1989 International Formula 3000 season
|1989 FIA International Formula 3000 season|
Martin Donnelly then won on the road at Vallelunga, but was disqualified. His Eddie Jordan Racing team had modified the Reynard’s nosecone, but it had not been subjected to the mandatory crash test.
At the Pau Grand Prix, Éric Bernard led the two EJR cars of Jean Alesi and Donnelly after an aborted first start. However, Bernard was caught behind an accident involving Paul Belmondo and stalled his car, allowing Alesi to go through and take the victory. Bernard stormed back though the field, but collided with Mark Blundell while battling for second place. Bernard would win the next race at Jerez. Andrea Chiesa then won a close race on the dusty Enna circuit.
Meanwhile, three F3000 regulars—Alesi, Bernard and Donnelly—all made their Formula One debuts at the French Grand Prix in July. Alesi was particularly impressive for Tyrrell, finishing fourth, and he would continue to drive for them when the F3000 schedule allowed.
The EJR team won the next three races, allowing Alesi to take a commanding lead in the championship. His closest rival Érik Comas won at Le Mans but Alesi’s single point, along with the tiebreaker of most wins, meant that he clinched the title. Alesi then skipped the last round in at Dijon-Prenois to race in the Japanese Grand Prix, allowing Comas to tie his point total with the win.
|Race No||Track||Country||Date||Laps||Distance||Time||Speed||Winner||Pole Position||Fastest Lap|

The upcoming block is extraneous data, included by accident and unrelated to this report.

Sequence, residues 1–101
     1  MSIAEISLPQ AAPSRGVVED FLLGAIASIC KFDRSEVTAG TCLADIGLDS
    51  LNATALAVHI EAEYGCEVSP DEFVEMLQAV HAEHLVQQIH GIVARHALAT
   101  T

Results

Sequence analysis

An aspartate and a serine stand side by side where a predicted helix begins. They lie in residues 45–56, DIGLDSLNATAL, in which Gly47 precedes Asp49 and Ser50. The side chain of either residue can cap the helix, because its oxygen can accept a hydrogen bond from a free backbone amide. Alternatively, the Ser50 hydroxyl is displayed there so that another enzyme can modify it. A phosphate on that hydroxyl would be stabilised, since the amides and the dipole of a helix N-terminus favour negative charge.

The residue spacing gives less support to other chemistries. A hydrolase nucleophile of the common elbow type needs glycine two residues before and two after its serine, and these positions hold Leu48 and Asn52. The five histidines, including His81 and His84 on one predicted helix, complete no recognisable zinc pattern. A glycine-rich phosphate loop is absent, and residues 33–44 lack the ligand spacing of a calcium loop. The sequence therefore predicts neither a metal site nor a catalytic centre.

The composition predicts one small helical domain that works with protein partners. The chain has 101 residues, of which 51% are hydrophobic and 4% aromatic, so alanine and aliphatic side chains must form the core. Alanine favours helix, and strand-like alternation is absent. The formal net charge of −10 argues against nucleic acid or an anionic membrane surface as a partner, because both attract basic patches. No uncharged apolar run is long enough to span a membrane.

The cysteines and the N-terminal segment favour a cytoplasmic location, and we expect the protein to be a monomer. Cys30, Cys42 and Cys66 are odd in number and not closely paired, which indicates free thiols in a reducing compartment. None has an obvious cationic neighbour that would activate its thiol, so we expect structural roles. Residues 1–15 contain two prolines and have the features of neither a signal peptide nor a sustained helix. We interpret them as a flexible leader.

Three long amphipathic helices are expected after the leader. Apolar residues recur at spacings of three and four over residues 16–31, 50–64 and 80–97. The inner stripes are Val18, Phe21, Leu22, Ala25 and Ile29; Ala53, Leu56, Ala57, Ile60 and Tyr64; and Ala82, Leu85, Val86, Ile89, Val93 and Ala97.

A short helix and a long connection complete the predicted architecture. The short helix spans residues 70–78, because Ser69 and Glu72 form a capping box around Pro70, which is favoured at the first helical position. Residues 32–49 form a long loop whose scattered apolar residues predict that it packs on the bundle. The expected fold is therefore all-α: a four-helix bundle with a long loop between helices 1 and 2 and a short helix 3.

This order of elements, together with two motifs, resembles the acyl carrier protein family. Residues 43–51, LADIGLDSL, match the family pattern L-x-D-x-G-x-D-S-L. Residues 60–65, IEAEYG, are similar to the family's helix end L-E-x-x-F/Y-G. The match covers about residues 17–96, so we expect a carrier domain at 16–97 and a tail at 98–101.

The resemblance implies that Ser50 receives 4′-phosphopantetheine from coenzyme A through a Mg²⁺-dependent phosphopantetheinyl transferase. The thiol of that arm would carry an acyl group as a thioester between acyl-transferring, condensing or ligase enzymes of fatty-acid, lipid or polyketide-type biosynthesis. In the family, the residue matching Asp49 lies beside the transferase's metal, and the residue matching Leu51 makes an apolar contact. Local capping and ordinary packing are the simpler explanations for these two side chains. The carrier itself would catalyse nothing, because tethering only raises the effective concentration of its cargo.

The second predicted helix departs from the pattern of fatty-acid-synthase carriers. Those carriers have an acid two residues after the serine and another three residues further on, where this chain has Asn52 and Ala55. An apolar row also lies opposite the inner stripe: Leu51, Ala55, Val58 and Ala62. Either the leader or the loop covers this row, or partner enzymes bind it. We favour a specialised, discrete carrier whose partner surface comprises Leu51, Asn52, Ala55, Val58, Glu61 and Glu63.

|1||Silverstone||United Kingdom||9 April 1989||41||4.778=196.308 km||0'55:31.92||211.73 km/h||Thomas Danielsson||Philippe Favre||Philippe Favre|
|2||Vallelunga||Italy||30 April 1989||64||3.2=204.80 km||1'13:08.797||167.991 km/h||Fabrizio Giovanardi||Martin Donnelly||Marco Apicella|
|3||Pau||France||15 May 1989||72||2.76=198.72 km||1'28:51.90||134.173 km/h||Jean Alesi||Marco Apicella||Éric Bernard
|4||Jerez||Spain||4 June 1989||48||4.218=202.464 km||1'18:28.48||154.80 km/h||Éric Bernard||Éric Bernard||Éric Bernard|
|5||Pergusa-Enna||Italy||23 July 1989||39||4.95=193.050 km||0'58:54.5||196.626 km/h||Andrea Chiesa||Jean Alesi||Martin Donnelly|
|6||Brands Hatch||United Kingdom||20 August 1989||48||4.19=201.12 km||1'02:03.76||194.15 km/h||Martin Donnelly||Érik Comas||Éric Bernard|
|7||Birmingham||United Kingdom||28 August 1989||51||3.975=202.725 km||1'11:48.98||169.36 km/h||Jean Alesi||Jean Alesi||Jean Alesi|
|8||Spa-Francorchamps||Belgium||16 September 1989||28||6.94=194.30 km||1'02:40.93||186.005 km/h||Jean Alesi||Érik Comas||Érik Comas|
|9||Le Mans||France||24 September 1989||46||4.267=196.0 km||1'12:31.43||168.59 km/h||Érik Comas||Éric Bernard||Érik Comas|
|10||Dijon||France||22 October 1989||54||3.8=205.2 km||1'05:07.20||189.066 km/h||Érik Comas||Éric Bernard||Érik Comas|
- Race 1: JJ Lehto set fastest race lap, but he was disqualified after the race for having an illegal rev-limiter.
- Race 2: Martin Donnelly won on the road, but he was disqualified for using a nosecone that had not been subjected to the mandatory crash test.
Final points standings
For every race points were awarded: 9 points to the winner, 6 for runner-up, 4 for third place, 3 for fourth place, 2 for fifth place and 1 for sixth place. No additional points were awarded.
Jean Alesi won the championship due to the tiebreaker of more wins. He skipped the last race with the title already clinched.
|first column of every race||10||= grid position|
|second column of every race||10||= race result|
R=retired NS=did not start NQ=did not qualify DIS(1)=disqualified after finishing as winner